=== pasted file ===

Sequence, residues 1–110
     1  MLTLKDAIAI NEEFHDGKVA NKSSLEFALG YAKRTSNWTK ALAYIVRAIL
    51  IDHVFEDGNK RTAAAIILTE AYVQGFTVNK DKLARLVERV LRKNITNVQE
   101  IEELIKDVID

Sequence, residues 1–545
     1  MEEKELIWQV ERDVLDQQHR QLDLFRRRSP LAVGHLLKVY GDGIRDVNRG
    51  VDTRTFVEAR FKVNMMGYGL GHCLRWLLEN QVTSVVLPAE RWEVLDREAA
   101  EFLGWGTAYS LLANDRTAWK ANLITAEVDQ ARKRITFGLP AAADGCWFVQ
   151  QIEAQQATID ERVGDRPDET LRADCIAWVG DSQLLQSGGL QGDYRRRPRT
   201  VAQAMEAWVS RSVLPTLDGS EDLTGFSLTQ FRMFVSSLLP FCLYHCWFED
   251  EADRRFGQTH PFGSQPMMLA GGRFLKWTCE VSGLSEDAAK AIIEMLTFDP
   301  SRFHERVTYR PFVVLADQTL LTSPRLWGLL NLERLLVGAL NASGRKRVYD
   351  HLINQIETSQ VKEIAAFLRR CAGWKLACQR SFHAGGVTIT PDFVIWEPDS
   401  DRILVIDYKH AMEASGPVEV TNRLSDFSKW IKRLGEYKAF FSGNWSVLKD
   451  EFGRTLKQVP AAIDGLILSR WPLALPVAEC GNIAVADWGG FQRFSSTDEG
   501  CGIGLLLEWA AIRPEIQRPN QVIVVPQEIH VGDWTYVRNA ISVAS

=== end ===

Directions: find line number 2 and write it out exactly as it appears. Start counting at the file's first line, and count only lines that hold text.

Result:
     1  MLTLKDAIAI NEEFHDGKVA NKSSLEFALG YAKRTSNWTK ALAYIVRAIL